Chrome partially disables auto-mute feature until October

Google Chrome with a gelato

Google Chrome with a gelato

The Chromium team confirms: "We've updated Chrome 66 to temporarily remove the autoplay policy for the Web Audio API".

Unless users had whitelisted a site or previously interacted with it, Chrome's blocking feature stops one of the most irritating elements of web browsing: the sudden playing of loud videos.

The original muting of the nuisance videos within Chrome was created to remove one of the annoyances that might have pushed users to install adblocking or other software, something Google wants to avoid as advertising is the primary source of the company's revenue.

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Google has tweaked a new autoplay policy in Chrome 66 that was aimed at silencing most unwanted noisy video ads but also broke sound in a bunch of web games.

Google scaled back a new auto-play policy in the latest version of its Chrome web browser, meant to stop unwanted video ads with sound from serving up and playing without notice.

Meanwhile, the implementation delay will give "Web Audio API developers for gaming, audio applications, some RTC features more time to update their code". For smaller platforms especially, the Autoplay policy has broken HTML5-based web games by permanently muting audio unless the developers explicitly write in code to do otherwise.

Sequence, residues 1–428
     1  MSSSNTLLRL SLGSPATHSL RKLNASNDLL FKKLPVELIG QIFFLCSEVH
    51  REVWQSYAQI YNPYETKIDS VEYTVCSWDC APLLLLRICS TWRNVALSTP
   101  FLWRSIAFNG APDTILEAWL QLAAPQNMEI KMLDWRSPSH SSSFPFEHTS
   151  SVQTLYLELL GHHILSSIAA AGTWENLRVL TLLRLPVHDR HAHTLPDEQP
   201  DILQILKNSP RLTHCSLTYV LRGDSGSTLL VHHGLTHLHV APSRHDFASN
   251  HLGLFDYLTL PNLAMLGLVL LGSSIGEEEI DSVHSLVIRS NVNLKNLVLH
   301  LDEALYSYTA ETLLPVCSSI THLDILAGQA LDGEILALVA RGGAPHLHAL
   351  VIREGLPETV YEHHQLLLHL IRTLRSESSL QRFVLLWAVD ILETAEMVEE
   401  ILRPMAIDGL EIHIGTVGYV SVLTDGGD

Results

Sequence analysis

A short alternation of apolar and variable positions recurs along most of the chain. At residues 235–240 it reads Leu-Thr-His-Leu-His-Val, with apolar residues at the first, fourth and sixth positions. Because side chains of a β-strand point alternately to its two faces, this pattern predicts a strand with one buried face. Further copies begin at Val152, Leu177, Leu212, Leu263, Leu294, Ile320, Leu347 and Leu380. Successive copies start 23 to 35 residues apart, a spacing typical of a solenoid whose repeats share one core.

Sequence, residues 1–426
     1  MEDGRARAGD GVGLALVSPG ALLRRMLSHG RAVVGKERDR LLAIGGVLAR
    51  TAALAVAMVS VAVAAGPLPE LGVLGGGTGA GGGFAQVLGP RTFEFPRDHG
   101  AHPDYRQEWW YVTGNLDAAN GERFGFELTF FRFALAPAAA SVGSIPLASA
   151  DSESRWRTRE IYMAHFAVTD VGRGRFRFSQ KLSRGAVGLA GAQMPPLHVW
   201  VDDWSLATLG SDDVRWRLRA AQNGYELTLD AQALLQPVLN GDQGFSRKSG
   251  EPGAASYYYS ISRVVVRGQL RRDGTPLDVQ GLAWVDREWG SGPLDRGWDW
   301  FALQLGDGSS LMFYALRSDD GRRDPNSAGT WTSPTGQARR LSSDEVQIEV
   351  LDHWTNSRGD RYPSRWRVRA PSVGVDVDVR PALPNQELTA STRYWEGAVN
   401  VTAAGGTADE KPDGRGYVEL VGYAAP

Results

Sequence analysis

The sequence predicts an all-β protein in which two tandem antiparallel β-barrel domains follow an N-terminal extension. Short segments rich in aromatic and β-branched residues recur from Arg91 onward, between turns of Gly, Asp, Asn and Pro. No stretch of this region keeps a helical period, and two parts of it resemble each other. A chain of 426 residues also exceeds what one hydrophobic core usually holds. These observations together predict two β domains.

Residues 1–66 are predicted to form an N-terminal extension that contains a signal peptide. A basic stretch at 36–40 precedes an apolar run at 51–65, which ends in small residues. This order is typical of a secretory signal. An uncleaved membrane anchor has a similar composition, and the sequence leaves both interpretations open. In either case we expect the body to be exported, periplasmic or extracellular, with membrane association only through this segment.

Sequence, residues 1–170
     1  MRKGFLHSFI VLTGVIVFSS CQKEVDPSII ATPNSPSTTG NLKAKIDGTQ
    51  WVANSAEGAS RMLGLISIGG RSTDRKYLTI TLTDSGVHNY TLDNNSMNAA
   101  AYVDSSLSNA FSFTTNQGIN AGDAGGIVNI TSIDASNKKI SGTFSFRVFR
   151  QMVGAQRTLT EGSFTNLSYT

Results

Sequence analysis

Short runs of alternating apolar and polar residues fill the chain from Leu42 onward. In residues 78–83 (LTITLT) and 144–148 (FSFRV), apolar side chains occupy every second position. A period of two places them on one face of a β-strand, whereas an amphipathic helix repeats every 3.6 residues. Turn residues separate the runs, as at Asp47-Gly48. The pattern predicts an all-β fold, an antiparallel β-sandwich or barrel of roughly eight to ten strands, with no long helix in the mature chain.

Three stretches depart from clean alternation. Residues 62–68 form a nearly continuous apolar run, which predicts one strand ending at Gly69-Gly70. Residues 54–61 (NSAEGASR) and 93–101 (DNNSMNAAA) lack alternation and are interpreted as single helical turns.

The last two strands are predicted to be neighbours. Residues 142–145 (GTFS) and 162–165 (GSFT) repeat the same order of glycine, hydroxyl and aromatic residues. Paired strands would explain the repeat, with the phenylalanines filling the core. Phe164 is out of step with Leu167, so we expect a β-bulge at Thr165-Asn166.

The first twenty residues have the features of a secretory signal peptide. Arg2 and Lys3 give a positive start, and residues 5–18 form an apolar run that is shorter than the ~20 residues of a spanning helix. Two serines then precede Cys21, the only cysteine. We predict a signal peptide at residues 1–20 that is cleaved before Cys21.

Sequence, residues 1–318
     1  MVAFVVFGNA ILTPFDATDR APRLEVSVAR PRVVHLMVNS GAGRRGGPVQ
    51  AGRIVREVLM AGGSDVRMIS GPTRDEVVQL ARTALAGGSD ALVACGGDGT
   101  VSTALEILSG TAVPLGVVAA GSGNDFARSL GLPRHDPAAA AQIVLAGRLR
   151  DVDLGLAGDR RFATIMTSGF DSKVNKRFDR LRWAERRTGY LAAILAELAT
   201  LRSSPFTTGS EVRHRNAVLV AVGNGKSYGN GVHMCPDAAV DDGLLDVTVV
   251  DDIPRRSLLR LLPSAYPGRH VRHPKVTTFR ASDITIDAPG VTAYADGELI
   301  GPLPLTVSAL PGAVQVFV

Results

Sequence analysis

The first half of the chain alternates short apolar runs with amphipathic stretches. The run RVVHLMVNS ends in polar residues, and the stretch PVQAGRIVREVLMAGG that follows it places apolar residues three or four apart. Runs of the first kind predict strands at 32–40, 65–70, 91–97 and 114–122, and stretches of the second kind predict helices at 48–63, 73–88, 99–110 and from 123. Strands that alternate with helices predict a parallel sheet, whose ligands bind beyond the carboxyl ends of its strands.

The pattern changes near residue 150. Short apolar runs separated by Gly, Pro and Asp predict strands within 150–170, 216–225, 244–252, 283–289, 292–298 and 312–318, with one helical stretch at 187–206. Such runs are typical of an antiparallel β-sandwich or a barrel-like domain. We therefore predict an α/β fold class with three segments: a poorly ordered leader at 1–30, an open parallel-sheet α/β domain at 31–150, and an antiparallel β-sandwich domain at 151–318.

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While the original audio policy change blindsided developers, the temporary rollback seeks to give them time to adapt their projects for the coming change but, as some devs pointed out last week, not everyone affected by the change has the ability, time, or resources to go back and retroactively change the code of projects already online.

"The team here is working hard to improve things for users and developers", product manager John Pallett wrote on the Chrome developer forum.

Chrome begins with a list of more than a thousand sites where Google found that the browser's users typically played audio or video with sound.

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Google says it is "still exploring options to enable great audio experiences for users", so it may come up with an alternative solution in the future. Google has reportedly issued a partial fix. Thus far, Google has not responded to these concerns.

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